Retro Friday is a weekly meme hosted here at Angieville and focuses on reviewing books from the past. This can be an old favorite, an under-the-radar book you think deserves more attention, something woefully out of print, etc. Everyone is welcome to join in at any time! I include roundups from participating bloggers in my weekly post.
I'll just go ahead and start by saying this review is a hard one for me to write. My emotions become tied up in all of the books I have loved over the years, and it matters very little what genre they are or what the writing style is or when they were written and by whom. Those books that I really love, I tend to love with wild abandon and, once given, that devotion is rarely retracted. My friend Janicu recently commented that I am "the queen of re-reading." And this is true. I love nothing better than a cozy sit down with an old friend, and I don't hesitate to put off the shiny new tome I've got in my hand if the battered old one is the one that's calling my name. But there is one book that I can't let myself reread too often. In fact, I've only read it twice in my life. I joke (but, of course, I'm not really joking at all) that I can only read it once every decade, because the contents are too beautiful and too painful for everyday wear. That book is How Green Was My Valley by Richard Llewellyn. It sat in my house the entire time I was growing up, and I vaguely knew that it was a favorite of my mother's because of her Welsh ancestry. It was the title that drew me to it. What a wonderful title. I would go over and stroke the spine, but I never pulled it out. I think because I was worried it might not live up to its beautiful title. Finally, one summer I got the courage up to give it a shot. I've never been the same.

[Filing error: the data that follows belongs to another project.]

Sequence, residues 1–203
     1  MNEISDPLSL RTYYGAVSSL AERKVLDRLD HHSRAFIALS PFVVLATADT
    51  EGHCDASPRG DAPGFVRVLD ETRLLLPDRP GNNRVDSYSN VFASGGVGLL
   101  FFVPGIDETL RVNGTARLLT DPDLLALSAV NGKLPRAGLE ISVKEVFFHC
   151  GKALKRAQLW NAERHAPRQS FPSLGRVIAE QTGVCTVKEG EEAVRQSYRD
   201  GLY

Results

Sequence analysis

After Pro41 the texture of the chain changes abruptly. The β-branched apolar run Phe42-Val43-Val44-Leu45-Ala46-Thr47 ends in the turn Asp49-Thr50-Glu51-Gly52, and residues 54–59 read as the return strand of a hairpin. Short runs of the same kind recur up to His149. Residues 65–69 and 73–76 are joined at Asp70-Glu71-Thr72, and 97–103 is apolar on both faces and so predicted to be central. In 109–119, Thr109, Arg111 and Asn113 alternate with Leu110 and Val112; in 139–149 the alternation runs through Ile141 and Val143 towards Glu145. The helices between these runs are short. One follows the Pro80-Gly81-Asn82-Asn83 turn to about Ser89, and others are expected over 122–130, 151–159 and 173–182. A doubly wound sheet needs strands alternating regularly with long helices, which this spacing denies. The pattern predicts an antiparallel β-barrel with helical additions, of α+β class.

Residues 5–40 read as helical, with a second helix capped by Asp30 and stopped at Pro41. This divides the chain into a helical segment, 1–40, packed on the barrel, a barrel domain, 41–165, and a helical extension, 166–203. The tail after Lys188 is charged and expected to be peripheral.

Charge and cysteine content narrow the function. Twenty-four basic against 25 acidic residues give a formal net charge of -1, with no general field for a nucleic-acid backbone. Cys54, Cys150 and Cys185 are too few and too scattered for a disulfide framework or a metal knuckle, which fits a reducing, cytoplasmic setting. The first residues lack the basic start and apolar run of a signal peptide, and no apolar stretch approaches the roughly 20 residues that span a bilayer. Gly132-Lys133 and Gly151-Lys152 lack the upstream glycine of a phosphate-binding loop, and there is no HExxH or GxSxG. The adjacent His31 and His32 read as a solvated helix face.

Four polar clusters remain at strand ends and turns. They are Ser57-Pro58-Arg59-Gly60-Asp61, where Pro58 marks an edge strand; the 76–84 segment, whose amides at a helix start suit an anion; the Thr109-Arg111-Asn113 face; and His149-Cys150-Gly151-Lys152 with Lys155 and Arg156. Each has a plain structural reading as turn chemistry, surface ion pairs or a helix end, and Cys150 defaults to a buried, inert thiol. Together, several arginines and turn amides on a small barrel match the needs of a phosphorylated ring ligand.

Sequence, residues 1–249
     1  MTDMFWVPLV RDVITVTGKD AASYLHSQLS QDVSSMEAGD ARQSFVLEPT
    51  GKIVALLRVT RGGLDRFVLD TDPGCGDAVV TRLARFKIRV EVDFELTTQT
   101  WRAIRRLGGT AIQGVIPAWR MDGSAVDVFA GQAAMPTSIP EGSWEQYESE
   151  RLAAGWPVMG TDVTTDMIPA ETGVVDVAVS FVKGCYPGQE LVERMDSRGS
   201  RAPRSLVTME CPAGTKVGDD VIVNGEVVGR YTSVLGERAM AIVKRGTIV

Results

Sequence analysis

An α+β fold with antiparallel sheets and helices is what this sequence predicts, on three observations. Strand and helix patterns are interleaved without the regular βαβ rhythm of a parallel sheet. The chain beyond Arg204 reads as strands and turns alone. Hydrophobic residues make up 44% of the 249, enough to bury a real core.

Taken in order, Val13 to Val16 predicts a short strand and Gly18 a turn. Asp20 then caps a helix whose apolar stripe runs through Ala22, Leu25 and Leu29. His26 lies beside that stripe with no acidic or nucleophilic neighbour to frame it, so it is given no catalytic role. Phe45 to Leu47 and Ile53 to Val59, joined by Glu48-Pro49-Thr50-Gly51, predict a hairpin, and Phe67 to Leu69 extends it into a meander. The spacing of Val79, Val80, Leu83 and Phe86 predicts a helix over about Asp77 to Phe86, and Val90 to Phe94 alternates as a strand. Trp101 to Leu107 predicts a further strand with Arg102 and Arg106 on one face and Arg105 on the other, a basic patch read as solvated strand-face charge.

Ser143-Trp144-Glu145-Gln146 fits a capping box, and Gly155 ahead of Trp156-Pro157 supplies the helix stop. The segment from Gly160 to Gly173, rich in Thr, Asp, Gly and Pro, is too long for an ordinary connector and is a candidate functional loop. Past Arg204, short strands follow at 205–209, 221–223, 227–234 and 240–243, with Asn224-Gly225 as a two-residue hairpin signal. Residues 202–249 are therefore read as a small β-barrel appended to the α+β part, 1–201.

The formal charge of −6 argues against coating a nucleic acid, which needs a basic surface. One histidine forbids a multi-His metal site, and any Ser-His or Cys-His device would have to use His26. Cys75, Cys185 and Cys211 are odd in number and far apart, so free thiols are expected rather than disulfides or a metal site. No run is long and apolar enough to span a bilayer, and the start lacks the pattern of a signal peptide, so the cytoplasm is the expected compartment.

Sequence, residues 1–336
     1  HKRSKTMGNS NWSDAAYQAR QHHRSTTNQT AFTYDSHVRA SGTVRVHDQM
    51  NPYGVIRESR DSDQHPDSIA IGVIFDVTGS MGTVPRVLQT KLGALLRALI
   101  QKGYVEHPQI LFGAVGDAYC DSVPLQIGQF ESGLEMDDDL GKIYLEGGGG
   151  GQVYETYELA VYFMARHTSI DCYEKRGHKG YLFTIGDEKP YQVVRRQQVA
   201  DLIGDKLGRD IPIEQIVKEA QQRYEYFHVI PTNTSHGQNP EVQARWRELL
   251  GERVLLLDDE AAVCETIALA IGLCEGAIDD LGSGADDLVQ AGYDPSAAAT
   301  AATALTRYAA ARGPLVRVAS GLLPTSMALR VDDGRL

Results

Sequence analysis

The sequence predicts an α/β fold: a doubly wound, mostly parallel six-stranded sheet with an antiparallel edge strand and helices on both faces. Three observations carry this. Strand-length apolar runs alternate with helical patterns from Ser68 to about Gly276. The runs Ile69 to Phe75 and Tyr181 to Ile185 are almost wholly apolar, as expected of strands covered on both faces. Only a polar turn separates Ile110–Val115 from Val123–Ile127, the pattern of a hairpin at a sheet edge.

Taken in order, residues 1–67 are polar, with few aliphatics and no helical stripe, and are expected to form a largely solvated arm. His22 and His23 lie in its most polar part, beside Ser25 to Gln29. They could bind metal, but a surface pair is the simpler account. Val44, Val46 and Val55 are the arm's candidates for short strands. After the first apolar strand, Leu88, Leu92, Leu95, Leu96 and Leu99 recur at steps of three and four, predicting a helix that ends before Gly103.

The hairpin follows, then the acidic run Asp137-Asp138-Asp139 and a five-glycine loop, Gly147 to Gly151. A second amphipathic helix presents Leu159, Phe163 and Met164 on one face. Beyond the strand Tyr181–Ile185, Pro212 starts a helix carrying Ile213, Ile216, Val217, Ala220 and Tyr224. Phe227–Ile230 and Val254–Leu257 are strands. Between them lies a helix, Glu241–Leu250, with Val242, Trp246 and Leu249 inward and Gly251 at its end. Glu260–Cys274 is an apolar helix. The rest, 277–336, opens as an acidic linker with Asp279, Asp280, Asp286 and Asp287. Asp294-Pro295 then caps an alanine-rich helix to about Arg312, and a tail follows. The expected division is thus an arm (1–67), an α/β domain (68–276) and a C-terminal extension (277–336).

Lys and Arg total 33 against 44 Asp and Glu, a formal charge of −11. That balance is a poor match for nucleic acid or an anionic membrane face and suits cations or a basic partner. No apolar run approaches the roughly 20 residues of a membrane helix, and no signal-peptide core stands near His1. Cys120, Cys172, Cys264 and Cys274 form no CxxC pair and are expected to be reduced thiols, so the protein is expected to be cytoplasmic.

I am going to pack my two shirts with my other socks and my best suit in the little blue cloth my mother used to tie round her hair when she did the house, and I am going from the Valley.
Those are the the first words the reader encounters in this impressive volume. And they're the ones that made me certain this book and I would have a relationship. Growing up in a small coal mining town in South Wales, the youngest of a raft of five brothers and three sisters, Huw Morgan believed life would always be the same. From helping his mother cook her bottomless, delicious meals in the family kitchen, to taking his weekly penny down to the taffy pullers for a length of homemade taffy, to watching his larger-than-life father and stout older brothers make the daily trek down the hill and home from the mines, Huw's life is filled to the brim with the sights and sounds and people of home. In love with his oldest brother's wife from a very young age, and well aware of his lowly status within the family hierarchy, Huw knows what is his and what is not. But his is a heart that knows how to love and he watches closely over the members of his family as they encounter the myriad trials and heartaches of life and as he himself is put through the painful process of growing up and becoming a man. Along the way, almost everything about his humble life is altered, through strikes, schooling, marriage, betrayal, passion, death, and even boxing. Through it all, Huw struggles to reconcile the life that he knew with the life that is and to remember the good and the beautiful along with the bad and the ugly.